Some drugmakers assert they are unable to create cheaper generic versions of drugs because their rivals are exploiting a legal loophole.
It all comes down to process: To get a generic drug approved for sale, a company has to test a sample of the brand-name version and show regulators that the generic version is essentially identical and as effective.
But the government has placed restrictions on distributing some drugs that are dangerous or prone to abuse. Critics say manufacturers of those brand-name drugs are using the restrictions to stop generic makers from getting samples to test.
No samples, no generics.
At issue are brand-name drugs that federal regulators approve only if the drugmaker agrees to tightly control their distribution — providing them only for hospital use, for instance. These restrictions, which are imposed by the Food and Drug Administration on a case-by-case basis, block the flow of drugs to the wholesalers that generic firms rely on for their must-have samples.
Critics warn that the practice is bound to become more entrenched and widespread.
The Federal Trade Commission has launched an investigation into the matter. Connecticut’s attorney general has done the same. And this week, the Senate is addressing the complaint in a provision included in a broader measure that funds the FDA. Critics say these tactics end up raising drug costs for consumers and taxpayers, who pay for Medicare, Medicaid and similar programs.
For more than a decade, the FDA has had the power to impose distribution restrictions. That authority was strengthened by 2007 legislation that led to an expansion of the number of drugs covered starting the following year. It now stands at more than two dozen. The products include treatments for rare conditions and widely used blockbuster drugs.
“It’s an opportunity to apply the law, as Congress saw fit to pass it, in a way that might benefit your business,” said James Czaban, a food and drug lawyer at Wiley Rein who has represented makers of generic and brand-name drugs. “Any rational company, generic or innovator, is going to use the system to their advantage. It’s the world we live in.”
In a 2009 petition to the FDA, generic-drug firm Dr. Reddy’s Laboratories accused Celgene of gaming the system by refusing to sell samples of Revlimid, a drug known to cause serious birth defects when taken by pregnant women. The drug is distributed only to patients, doctors and pharmacies registered with Celgene.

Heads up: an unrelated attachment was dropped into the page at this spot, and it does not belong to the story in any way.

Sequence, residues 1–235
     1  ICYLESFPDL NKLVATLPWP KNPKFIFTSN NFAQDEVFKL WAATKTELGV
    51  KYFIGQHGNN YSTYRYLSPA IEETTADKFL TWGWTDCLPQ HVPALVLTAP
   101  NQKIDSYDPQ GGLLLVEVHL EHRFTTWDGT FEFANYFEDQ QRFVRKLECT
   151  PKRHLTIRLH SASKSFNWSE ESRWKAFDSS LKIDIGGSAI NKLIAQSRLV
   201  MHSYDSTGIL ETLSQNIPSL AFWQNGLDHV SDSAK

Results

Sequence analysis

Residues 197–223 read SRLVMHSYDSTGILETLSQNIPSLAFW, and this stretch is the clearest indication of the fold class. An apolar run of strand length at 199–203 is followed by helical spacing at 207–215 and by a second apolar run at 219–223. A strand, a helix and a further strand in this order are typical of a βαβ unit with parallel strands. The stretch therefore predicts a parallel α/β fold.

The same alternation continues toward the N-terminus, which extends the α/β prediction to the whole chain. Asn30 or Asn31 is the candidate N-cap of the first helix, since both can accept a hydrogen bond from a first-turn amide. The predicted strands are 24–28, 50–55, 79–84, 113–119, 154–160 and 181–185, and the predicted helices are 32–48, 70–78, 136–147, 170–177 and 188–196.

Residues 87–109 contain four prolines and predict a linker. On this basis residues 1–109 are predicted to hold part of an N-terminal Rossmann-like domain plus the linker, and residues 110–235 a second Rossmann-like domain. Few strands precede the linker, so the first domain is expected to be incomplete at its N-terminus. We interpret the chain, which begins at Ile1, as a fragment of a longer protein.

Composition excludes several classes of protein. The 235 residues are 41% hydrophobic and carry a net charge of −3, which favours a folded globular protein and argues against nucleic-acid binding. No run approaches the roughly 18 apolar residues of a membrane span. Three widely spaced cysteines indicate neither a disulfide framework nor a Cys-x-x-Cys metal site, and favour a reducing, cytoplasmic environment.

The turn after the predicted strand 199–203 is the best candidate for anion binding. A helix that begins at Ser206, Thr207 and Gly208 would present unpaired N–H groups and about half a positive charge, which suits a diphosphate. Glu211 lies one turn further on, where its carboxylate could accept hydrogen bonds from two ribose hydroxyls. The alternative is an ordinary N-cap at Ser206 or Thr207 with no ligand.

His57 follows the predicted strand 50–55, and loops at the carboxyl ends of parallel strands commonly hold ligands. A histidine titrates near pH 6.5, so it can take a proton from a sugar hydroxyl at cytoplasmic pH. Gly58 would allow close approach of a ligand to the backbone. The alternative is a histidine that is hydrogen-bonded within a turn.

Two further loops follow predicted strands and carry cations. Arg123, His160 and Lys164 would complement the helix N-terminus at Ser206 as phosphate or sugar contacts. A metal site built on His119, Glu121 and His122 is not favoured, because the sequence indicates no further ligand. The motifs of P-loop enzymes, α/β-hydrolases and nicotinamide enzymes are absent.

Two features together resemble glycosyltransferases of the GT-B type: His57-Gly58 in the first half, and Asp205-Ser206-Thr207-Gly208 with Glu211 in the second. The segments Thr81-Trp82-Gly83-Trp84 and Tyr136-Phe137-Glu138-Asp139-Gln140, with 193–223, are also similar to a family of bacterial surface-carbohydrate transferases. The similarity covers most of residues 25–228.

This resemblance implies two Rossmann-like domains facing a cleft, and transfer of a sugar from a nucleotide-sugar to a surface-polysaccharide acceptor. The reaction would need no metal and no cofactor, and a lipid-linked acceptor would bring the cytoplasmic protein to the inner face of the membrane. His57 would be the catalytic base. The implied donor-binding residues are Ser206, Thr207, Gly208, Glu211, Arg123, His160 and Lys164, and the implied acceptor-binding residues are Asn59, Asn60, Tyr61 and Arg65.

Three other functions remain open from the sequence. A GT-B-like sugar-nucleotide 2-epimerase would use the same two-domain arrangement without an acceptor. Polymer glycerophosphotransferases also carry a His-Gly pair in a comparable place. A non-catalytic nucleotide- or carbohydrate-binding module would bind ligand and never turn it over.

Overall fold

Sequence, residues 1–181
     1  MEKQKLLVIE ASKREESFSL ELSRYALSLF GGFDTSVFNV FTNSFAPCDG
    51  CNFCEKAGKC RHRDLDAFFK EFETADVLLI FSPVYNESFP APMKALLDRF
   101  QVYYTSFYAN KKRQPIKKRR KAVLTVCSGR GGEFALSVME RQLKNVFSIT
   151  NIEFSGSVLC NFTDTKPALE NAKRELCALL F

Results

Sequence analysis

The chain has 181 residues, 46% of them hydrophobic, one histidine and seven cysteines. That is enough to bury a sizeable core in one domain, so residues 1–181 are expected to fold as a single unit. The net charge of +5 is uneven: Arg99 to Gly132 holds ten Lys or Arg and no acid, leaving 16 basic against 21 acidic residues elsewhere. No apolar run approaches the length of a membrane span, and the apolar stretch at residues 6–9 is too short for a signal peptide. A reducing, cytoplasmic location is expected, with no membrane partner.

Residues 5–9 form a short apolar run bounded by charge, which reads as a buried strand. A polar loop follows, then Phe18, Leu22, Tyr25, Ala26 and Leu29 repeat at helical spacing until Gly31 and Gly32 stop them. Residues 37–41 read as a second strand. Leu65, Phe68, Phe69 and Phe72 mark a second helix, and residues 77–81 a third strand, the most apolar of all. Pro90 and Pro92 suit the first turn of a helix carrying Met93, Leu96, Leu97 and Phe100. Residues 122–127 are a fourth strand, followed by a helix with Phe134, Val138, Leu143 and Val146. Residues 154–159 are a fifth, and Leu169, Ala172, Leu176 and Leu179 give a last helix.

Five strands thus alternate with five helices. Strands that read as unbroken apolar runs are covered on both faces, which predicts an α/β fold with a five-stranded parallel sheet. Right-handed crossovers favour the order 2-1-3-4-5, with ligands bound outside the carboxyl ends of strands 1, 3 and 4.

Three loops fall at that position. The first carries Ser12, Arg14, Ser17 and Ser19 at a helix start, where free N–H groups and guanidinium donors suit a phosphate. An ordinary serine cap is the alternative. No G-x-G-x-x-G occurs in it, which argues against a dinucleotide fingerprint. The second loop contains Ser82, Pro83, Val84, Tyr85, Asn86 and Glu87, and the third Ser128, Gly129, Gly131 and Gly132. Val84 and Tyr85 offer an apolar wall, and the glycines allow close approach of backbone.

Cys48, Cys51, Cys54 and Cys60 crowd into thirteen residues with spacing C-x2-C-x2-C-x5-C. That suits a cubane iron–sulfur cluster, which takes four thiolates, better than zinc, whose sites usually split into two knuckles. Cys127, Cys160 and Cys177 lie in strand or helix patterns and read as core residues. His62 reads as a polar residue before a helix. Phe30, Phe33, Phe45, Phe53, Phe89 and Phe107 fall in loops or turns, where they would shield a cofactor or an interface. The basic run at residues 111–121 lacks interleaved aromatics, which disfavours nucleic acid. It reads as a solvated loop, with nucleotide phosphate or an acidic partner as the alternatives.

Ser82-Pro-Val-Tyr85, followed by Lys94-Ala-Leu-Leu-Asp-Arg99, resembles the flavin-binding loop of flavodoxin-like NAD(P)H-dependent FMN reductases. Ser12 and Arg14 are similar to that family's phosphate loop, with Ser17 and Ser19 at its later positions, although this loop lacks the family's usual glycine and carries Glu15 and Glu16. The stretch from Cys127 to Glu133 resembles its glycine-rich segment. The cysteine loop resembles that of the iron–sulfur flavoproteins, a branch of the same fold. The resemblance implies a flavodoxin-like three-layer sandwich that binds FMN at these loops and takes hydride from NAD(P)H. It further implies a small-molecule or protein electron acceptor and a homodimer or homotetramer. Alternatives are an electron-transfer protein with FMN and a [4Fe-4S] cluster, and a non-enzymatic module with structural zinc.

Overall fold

Celgene denied the charge, saying it is under no legal obligation to sell its product to a competitor. In an FDA petition, the company also said it does not want to expose itself to liability risks by providing large quantities of a drug with known dangers to a third party for human testing under circumstances out of Celgene’s control.
Celgene made similar arguments when refusing to sell samples to other firms.
The FTC started investigating Celgene in 2009 to “evaluate whether there is reason to believe that we have engaged in unfair methods of competition,” the company said in an earnings report.
The agency declined to comment about the investigation. FTC Chairman Jon Leibowitz described this type of practice as “particularly troubling.”
“Some of these drugs are used by older Americans who are critically in need of inexpensive medicines,” Leibowitz said. “And it’s the taxpayers who foot the bill, because we all pay for Medicare.”
Connecticut Attorney General George Jepsen said in a statement that an ongoing investigation by his office revealed “a disturbing, broader trend by certain branded drug manufacturers” using restrictive distribution policies “as a weapon to blunt the development of generic drugs.” Jepsen did not disclose company names.
Both the FTC and Jepsen said these practices represent a radical departure from the intended purpose of Risk Evaluation Mitigation Strategies (REMS), the program that introduced the restricted distribution provisions starting in March 2008.
Back then, Congress anticipated that this program might lead to anti-competitive behavior. Lawmakers included a provision to address that issue. But many experts who track the subject say the language is vague and weak because it lacks enforcement tools.
Buried in a Senate bill that authorizes the fees that drug and medical device companies pay to the FDA is a provision that beefs up the language. The provision bars drugmakers covered by REMS from restricting sample sales to generic-drug firms that agree to follow certain safety procedures approved by the FDA. The goal is to relieve brand-name firms of what they see as an inconsistency in current law, which demands that they stick to the terms of their REMS while not blocking access to their drugs.
The House version of the bill does not include the provision.
But on the Senate side, there are practical reasons to push forward. The Congressional Budget Office estimates that this provision and others that would reduce market barriers for generics would reduce direct spending for mandatory health programs by $753 million from 2013 through 2022.